Europe’s problem is systemic, or in academic terms “structural.” It’s the result of putting together a union designed as a super national body, while at the same time respecting the sovereignty of the individual states. There are currently 27 members, with more in waiting, along with affiliates – Russia, Switzerland and Norway. Europe’s population at around 450 million is larger than the U.S., and its combined GDP, at least until recently, is about the same as the U.S. at $14 trillion. It should therefore be relatively simple to take the next steps and create a United States of Europe.
It’s not, as there are fundamental differences between the two entities. Most Americans lose sight of the fact that the U.S. is a young country, compared to Europe. Every American now living is descended from immigrants who came from somewhere else. Beginning around 1840, and extending into the 1920’s, the U.S. welcomed the world, and has been richly repaid for doing so.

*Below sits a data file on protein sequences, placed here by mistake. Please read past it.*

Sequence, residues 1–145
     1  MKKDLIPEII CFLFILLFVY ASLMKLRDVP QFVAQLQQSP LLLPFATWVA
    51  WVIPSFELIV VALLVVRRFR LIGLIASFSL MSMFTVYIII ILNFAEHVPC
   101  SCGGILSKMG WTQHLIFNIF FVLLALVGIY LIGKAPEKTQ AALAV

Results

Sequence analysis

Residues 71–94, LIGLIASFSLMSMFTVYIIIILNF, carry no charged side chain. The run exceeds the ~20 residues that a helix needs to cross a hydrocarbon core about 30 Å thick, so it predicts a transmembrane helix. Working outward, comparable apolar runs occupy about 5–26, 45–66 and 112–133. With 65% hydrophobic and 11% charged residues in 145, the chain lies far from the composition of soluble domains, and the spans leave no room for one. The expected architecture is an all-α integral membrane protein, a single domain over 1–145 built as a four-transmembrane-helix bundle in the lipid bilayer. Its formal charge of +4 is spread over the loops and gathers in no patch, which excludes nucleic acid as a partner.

While many of those immigrants came from Europe – first English, French and Dutch, followed by Germans, Irish, Italians, Poles, Swedes, etc. – most Europeans stayed home, where they had literally lived forever. There are valleys in Germany with Neolithic tombs over 7000 years old. DNA from the remains confirms that the valleys’ present day residents are mostly descendants of these original inhabitants. A friend of mine in France has traced her ancestors back to the 14th century. They lived in the same village (now a suburb of Paris) where she was born. Italians still consider the Roman Empire as part of their ongoing history.